Steve Hammond is director of the Computational Science Center at the National Renewable Energy Laboratory (NREL). He is responsible for developing and leading NREL’s laboratory-wide efforts in computational science. He initiates and oversees innovative research programs in computational science, mathematics, and scientific computing in support of NREL’s Department of Energy (DOE)-based mission. This includes leading NREL’s efforts in energy efficient data centers.
Prior to NREL, Steve managed the Computational Sciences section at the National Center for Atmospheric Research (NCAR). He led staff conducting research and development in areas such as computational fluid dynamics and parallel communications algorithms for parallel architectures. Steve was technical lead on the DOE-funded effort to develop the first massively parallel version of NCAR’s community climate model, CCM2, originally developed for vector systems.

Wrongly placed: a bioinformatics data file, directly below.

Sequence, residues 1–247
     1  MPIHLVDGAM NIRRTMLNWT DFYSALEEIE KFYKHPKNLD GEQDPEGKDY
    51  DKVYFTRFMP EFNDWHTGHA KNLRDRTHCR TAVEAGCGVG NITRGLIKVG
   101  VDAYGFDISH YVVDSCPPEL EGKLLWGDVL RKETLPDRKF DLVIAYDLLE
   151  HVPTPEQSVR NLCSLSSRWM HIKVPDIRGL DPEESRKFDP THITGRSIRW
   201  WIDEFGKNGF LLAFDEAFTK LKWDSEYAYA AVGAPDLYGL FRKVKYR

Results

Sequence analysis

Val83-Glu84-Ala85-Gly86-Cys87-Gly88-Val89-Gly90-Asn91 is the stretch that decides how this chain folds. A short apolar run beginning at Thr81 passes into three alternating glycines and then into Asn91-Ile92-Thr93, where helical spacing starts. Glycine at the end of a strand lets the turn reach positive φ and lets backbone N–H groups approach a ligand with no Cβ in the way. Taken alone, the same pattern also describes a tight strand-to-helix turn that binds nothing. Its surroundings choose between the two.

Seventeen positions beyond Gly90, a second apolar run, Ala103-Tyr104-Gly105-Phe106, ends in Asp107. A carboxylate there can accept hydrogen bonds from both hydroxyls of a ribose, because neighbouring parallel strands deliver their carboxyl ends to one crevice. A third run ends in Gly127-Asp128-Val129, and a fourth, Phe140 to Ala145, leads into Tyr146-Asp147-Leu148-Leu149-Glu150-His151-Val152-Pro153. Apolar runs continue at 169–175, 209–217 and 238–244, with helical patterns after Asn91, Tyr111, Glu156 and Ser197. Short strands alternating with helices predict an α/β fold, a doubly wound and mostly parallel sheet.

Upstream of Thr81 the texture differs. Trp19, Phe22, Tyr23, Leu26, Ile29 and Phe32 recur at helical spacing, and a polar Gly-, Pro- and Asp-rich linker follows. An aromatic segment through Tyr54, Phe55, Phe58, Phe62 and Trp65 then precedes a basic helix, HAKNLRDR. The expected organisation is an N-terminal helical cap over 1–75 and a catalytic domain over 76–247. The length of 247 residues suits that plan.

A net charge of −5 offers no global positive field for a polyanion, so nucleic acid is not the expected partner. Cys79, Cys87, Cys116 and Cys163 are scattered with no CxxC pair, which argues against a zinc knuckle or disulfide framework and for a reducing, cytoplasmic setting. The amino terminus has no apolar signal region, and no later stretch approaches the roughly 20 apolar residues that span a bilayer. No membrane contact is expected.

Associate Professor, University of Illinois at Urbana-Champaign
Sociology, African American Studies, Urban and Regional Planning, Social Work, Gender and Women’s Studies, Carl R. Woese Institute for Genomic Biology, Carle Illinois College of MedicineFaculty Affiliate: Gender and Women in Global Perspective, the Cline Center for Advanced Social Research and the Institute for Computing in Humanities, Arts and Social Sciences
Using Advanced Computing to Recover Black Women’s Lost History: Exploring Seamless Creativity in Research that spans Computer Science, Social Sciences and the Humanities